Trimble, S. W. and Cooke, R. U.: Historical Sources for Geomorphological Research in the United States, The Professional Geographer, 43, 212–228,, 1991. 

Tulla, J. G.: Ueber die Rectification des Rheins, von seinem Austritt aus der Schweiz bis zu seinem Eintritt in Hessen, Müller's, Karlsruhe, 1825. 

Tümmers, H. J.: Der Rhein: ein europäischer Fluß und seine Geschichte, 2. Überarbeitete und aktualisierte Auflage, Beck, München, 481 pp., 1999. 

Uehlinger, U., Wantzen, K. M., Leuven, R. S. E. W., and Arndt, H.: The Rhine river basin, in: Rivers of Europe, edited by: Tockner, K., Academic Press, Amsterdam, London, 199–245, 2009. 

van Helvoort, P.-J., Griffioen, J., and Hartog, N.: Characterization of the reactivity of riverine heterogeneous sediments using a facies-based approach; the Rhine–Meuse delta (The Netherlands), Appl. Geochem., 22, 2735–2757,, 2007. 

Wetter, O., Pfister, C., Weingartner, R., Luterbacher, J., Reist, T., and Trösch, J.: The largest floods in the High Rhine basin since 1268 assessed from documentary and instrumental evidence, Hydrolog. Sci. J., 56, 733–758,, 2011. 

WFD: 2000/60/EC, Directive 2000/60/EC of the European parliament and of the council of 23 October 2000 establishing a framework for Community action in the field of water policy, 2000.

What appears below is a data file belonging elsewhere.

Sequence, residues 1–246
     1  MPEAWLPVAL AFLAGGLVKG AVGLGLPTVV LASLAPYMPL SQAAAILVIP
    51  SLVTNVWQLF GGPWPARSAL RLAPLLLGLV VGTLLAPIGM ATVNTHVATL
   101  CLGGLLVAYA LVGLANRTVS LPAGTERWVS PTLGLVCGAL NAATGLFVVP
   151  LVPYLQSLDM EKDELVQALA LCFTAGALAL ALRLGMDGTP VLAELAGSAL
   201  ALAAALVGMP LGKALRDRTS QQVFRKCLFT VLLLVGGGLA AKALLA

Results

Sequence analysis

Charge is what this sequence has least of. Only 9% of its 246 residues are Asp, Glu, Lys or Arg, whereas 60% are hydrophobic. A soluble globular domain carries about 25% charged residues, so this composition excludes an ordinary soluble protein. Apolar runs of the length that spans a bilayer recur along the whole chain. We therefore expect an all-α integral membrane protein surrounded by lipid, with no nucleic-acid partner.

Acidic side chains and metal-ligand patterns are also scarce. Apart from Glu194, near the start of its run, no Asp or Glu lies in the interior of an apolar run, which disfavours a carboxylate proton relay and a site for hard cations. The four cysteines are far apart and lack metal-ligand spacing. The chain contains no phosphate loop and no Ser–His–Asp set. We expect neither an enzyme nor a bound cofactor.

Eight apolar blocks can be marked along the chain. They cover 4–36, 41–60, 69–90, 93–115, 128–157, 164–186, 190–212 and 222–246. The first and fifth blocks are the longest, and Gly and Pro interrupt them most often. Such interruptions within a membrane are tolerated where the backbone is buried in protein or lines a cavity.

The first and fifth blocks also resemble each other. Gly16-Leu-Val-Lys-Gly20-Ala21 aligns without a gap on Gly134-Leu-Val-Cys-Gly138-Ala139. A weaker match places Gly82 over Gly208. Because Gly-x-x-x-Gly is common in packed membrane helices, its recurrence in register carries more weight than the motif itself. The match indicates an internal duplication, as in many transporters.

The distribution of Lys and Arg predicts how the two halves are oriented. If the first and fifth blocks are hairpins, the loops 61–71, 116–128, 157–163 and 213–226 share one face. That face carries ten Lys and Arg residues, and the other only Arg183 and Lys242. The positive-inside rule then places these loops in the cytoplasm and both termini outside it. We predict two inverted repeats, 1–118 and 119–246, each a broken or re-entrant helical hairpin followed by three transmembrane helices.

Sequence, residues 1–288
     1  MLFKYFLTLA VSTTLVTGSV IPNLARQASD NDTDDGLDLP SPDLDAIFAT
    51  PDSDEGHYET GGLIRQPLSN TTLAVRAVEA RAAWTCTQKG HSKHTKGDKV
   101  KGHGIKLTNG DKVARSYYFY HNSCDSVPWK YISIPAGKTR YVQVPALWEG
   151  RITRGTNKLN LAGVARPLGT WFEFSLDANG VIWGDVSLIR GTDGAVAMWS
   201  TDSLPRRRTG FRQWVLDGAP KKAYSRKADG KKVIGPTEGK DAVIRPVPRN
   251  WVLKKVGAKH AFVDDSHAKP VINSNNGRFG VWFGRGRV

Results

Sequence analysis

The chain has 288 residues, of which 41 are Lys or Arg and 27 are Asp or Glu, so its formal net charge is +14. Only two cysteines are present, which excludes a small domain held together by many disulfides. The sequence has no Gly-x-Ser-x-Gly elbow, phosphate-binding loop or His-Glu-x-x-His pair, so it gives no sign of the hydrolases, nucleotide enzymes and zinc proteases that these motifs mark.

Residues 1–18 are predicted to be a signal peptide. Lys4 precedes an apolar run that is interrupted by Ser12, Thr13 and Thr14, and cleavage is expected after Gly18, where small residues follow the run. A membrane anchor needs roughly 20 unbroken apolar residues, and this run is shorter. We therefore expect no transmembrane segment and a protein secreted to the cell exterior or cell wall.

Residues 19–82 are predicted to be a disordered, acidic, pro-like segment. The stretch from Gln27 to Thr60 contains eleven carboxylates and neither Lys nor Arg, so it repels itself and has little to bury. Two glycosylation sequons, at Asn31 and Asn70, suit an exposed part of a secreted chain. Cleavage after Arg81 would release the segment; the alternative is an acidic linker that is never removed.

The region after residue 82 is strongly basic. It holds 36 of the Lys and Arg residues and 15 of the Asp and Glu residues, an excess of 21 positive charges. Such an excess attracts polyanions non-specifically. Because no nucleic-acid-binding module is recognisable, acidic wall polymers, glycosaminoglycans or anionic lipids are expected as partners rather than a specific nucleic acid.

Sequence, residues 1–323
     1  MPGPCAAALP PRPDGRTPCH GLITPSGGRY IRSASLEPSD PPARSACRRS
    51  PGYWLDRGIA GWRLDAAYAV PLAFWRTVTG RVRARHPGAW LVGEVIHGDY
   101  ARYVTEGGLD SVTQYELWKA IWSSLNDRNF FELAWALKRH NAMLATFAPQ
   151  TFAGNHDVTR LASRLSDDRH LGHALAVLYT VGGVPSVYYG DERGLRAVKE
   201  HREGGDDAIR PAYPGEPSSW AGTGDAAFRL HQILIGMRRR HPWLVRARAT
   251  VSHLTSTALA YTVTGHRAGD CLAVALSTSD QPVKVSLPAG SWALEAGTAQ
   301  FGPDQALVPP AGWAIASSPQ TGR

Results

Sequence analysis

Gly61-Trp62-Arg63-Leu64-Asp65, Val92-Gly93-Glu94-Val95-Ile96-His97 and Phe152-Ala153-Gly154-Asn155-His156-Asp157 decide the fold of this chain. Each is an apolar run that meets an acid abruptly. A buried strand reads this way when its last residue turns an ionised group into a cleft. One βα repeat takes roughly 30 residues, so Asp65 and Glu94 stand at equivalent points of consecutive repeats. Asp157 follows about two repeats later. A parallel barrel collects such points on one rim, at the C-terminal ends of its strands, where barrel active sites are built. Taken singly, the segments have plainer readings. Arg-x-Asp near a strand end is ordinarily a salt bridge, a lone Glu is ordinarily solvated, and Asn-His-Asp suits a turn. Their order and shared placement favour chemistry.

Wittmann, J.: Chronik der niedrigsten Wasserstände des Rheins vom Jahre 70, Chr. Geb. bis 1858 und Nachrichten über die im Jahre 1857 – 58 im Rheinbette von der Schweiz bis nach Holland zu Tage gekommenen Alterthümer und Merkwürdigkeiten, insbesondere die damals sichtbaren Steinpfeilerreste der ehemaligen festen Brücke bei Mainz und die unfern dieser Stadt im Rheinstrome gemachten Entdeckungen, Seifert, Mainz, 142 pp., 1859. 

Wohl, E., Angermeier, P. L., Bledsoe, B., Kondolf, G. M., MacDonnell, L., Merritt, D. M., Palmer, M. A., Poff, N. L., and Tarboton, D.: River restoration, Water Resour. Res., 41, W10301-1–W10301-12,, 2005. 

Woitke, P., Wellmitz, J., Helm, D., Kube, P., Lepom, P., and Litheraty, P.: Analysis and assessment of heavy metal pollution in suspended solids and sediments of the river Danube, Chemosphere, 51, 633–642,, 2003.  

Ziliani, L. and Surian, N.: Evolutionary trajectory of channel morphology and controlling factors in a large gravel-bed river, Geomorphology, 173–174, 104–117, 2012. 

Zimmer, D., Kiersch, K., Jandl, G., Meissner, R., Kolomiytsev, N., and Leinweber, P.: Status Quo of Soil Contamination with Inorganic and Organic Pollutants of the River Oka Floodplains (Russia), Water Air Soil Poll., 211, 299–312,, 2010. 

Short summary
In this study we show the relevance of an interdisciplinary study for improving restoration within the framework of a European LIFE+ project on the French side of the Upper Rhine (Rohrschollen Island). Our results underscore the advantage of combining functional restoration with detailed knowledge of past trajectories in complex hydrosystems. We anticipate our approach will expand the toolbox of decision-makers and help orientate functional restoration actions in the future.